Remote learning ineffective, harmful to mental health

The highly contagious COVID-19 variant omicron made its first appearance in the United States Nov. 22, 2021, according to the Centers for Disease Control and Prevention. Since its arrival, the virus has spread swiftly throughout the country— The New York Times noted that as of Jan. 16, there were over 800,000 new cases, a 98% increase over the previous two weeks.

After the sharp rise in cases, many schools made the decision to return to remote learning after releasing students for winter break. According to district administration, in Ohio, Dayton Public Schools and Cincinnati Public Schools among many others moved to online education until late January.

However, closing down schools is not effective in stopping the virus’ spread, as schools are not the main source of COVID-19 transmission. Most public schools have either maintained or reinstated a mask mandate. While states like Ohio do not have a statewide enforcement of masking in schools, many have re-established a policy of mask wearing due to Omicron’s virulence.

Because of the widespread requirement to wear masks while in school, schools themselves are not hotbeds of COVID-19 transmission. Rather, extracurricular activities where masks remain optional are more dangerous. In a study performed by the Public Library of Science, rates of COVID-19 in states with at least a 75% mask adherence had significantly fewer cases than states that had a lower mask adherence level. In schools that require students and staff to consistently wear masks, the spread of COVID-19 is not enough of a threat to shut down in-person education completely.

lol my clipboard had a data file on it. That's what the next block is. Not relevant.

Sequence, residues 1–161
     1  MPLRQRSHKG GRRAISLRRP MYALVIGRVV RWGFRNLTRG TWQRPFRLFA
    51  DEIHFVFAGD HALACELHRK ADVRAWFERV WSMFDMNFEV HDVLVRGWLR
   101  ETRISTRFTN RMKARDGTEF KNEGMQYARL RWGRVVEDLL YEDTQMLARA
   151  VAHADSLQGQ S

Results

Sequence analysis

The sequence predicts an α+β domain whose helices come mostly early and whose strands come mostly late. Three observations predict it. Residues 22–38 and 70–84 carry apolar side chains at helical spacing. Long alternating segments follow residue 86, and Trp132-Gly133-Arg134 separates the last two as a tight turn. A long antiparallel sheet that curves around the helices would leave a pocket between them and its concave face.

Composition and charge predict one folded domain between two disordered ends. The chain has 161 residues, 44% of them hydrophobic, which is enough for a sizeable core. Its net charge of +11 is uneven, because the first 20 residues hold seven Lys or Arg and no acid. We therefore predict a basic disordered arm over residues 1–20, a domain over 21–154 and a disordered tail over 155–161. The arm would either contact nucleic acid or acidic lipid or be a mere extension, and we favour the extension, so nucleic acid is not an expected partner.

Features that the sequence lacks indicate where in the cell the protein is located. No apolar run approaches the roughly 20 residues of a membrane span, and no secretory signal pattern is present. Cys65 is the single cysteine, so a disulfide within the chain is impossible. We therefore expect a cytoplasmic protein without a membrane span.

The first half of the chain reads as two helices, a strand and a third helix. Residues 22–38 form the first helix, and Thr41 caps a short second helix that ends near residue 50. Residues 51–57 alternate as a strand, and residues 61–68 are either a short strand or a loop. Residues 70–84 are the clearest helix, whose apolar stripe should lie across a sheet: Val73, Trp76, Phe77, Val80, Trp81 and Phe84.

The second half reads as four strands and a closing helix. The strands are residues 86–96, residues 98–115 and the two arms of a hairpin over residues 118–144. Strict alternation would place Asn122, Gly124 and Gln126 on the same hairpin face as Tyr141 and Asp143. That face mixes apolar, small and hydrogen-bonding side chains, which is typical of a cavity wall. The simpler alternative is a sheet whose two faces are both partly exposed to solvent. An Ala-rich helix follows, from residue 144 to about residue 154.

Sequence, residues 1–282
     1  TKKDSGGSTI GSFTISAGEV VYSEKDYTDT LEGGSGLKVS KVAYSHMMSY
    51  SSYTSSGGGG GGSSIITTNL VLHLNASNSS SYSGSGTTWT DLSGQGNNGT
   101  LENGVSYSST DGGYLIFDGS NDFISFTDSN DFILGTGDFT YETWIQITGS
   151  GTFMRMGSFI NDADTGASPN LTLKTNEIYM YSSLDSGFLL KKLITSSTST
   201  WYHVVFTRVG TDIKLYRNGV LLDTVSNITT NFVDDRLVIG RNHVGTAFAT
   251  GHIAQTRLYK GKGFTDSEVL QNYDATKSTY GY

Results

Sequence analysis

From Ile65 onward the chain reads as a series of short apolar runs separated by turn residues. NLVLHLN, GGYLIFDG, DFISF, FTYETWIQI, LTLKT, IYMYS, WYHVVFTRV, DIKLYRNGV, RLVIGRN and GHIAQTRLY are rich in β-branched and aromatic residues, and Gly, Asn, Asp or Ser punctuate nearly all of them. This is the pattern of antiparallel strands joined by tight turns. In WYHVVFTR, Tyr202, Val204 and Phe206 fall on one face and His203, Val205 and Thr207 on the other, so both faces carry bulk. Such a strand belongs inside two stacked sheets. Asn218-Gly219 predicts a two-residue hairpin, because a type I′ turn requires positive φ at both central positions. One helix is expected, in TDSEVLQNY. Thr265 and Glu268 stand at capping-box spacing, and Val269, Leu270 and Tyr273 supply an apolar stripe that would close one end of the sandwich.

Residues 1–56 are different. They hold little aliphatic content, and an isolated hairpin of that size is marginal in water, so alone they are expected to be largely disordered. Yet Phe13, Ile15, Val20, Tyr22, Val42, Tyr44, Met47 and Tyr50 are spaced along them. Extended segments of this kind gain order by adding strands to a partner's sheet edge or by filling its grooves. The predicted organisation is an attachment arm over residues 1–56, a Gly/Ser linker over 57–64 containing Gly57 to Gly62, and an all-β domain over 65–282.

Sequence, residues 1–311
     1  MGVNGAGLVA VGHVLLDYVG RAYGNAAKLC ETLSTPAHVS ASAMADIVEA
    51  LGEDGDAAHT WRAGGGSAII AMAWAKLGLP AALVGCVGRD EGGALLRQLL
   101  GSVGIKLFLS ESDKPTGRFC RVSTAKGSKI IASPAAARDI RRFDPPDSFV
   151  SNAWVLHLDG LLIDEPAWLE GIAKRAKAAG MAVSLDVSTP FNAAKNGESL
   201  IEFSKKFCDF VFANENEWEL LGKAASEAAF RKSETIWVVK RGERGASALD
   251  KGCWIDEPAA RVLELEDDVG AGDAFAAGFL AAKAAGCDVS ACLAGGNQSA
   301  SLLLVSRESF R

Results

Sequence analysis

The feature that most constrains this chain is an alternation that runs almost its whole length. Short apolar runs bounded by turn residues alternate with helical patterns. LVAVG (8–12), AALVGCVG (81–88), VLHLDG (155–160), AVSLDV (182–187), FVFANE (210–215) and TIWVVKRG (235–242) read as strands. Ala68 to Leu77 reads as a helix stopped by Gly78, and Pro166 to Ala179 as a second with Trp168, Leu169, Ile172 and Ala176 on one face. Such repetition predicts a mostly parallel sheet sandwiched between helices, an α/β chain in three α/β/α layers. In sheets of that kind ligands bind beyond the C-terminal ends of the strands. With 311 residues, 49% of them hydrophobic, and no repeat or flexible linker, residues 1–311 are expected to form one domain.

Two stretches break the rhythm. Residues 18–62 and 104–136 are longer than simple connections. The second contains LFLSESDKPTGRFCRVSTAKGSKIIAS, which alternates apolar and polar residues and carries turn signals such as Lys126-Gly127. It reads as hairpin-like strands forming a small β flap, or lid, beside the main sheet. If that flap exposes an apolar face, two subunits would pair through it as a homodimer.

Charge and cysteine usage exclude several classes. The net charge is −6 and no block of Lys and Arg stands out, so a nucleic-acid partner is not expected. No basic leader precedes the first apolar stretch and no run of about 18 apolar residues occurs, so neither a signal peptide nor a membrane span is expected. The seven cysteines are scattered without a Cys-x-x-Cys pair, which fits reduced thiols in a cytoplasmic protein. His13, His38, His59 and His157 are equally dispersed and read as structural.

Additionally, returning to remote learning comes at the cost of worsening students’ mental health. According to the American Psychological Association, over 80% of youth ages 13-17 have experienced a rise in stress levels due to the pandemic.

When students must attempt to manage online school and the drawbacks that come with it—including an increase in time spent in front of a screen, the pressure of maintaining their grades while remote, feelings of social isolation and the anxieties of living through a pandemic—their mental state deteriorates. This results in students feeling unmotivated and unhappy, thus underperforming.

Remote learning presents added difficulties and stressors to students’ lives that have already been disrupted by the pandemic. Schools can protect both the physical and mental health of students while keeping education in person.